Attending the world premiere of Victorian Opera’s latest show The Riders last night I had some reservations. Firstly, after over studying Tim Winton’s many works during primary and highschool I wouldn’t list myself as his biggest fan. This is of course not Mr Winton’s fault but more a fault of the WA Curriculum which at that time found an Australian author and stuck rigidly to his work. In one year I studied one of his short stories 3 times in different classes. THREE TIMES.
Secondly, my experience with opera is limited, probably the most out of all of the art forms of theatre, musical theatre, ballet, music etc. As much as I know there is more to opera than old, fat people singing in Latin, going into my first Victorian Opera show I still struggled to shake the stereotype.


Fortunately within about 30 seconds of the The Riders I knew I was in for a an excellent ride (ha). The synopsis is fairly simple – Scully is waiting for his wife, Jennifer, and daughter, Billie, to return from a holiday in Perth to their home in Ireland. But it’s only Billie that arrives at the airport leading Scully, with his daughter  in tow, to go on a desperate search through Europe to find his wife. At times a little strange and raising questions and ideas of lost love and hope I won’t give too much more away. I spent some time after the show discussing the characters and their journeys so if you do see the show, please let me know what you think!

The talent on and off stage was exceptional. The cast are talented far beyond anything I could hope to achieve and I’m in no position to comment on their vocal ability! The set design was simple, as expected in most contemporary theatre, but striking with use of a revolving stage to add movement, drama and fluidity between scenes.


At 1 hour 40 minutes the opera moves through the 3 acts efficiently and the lack of an intermission isn’t missed.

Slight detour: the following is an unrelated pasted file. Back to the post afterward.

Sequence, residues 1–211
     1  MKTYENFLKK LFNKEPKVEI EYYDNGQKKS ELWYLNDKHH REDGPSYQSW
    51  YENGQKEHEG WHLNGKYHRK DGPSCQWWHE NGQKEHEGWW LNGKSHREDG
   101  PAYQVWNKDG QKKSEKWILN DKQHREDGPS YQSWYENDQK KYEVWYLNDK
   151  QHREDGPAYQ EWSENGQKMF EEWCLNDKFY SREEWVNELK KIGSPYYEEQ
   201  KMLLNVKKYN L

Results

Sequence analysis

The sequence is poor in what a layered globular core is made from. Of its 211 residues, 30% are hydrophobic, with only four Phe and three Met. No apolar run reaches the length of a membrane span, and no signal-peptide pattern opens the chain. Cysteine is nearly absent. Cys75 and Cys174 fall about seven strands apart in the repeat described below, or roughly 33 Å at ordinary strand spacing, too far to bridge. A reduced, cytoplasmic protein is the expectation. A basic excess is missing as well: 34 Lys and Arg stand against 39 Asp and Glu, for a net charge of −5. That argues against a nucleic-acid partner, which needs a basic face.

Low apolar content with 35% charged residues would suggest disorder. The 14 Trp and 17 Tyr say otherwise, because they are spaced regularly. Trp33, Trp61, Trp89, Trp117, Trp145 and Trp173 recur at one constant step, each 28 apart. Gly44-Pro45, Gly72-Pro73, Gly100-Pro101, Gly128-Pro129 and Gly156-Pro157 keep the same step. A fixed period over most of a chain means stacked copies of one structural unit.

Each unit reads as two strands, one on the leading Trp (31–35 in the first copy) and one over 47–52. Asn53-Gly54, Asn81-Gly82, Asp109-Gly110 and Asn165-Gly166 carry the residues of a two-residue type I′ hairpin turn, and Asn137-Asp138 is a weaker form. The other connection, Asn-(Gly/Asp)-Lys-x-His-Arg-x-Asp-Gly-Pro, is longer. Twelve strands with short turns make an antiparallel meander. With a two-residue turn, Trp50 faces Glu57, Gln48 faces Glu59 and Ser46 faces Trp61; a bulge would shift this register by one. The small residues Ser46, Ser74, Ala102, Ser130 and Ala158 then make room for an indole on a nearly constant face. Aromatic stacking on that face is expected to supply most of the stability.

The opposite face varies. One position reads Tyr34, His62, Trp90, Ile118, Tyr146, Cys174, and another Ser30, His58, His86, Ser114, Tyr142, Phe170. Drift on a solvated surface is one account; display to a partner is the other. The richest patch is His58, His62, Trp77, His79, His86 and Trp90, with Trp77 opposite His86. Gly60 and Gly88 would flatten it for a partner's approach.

Walking out of The Riders I had lost all of my initial reservations. A refreshing interpretation of Tim Winton’s work the opera has even encouraged me to read his novel – my first Winton novel in nearly 10 years! – and of course any remaining stereotypes about opera are long gone. I even found myself fondly recognising Winton-ism’s in the lyrics (which are displayed as sub-titles throughout the show).

I’d highly, highly recommend this show for new and old opera fans. I’m always so encouraged to see strong talent coming out of Australia and with this show adapted by an Australian, based on work by an Australian author and starring Australians in an Australian company – you can’t get much more local than that.

The Riders
23 Sept – 4 Oct
Malthouse Theatre



  1. Ooooh Katie that sounds actually really good. The last opera I saw was in 2001. It was in Italian, with subtitles and while there were some amazing voices I got so caught up reading the subtitles I might as well have been reading a novel 🙂

    1. Haha! I was a bit worried about that but The Rider sub-titles are above the stage and not at all distracting. Also a fair few are Australian colloquialisms which gave the audience some laughs!

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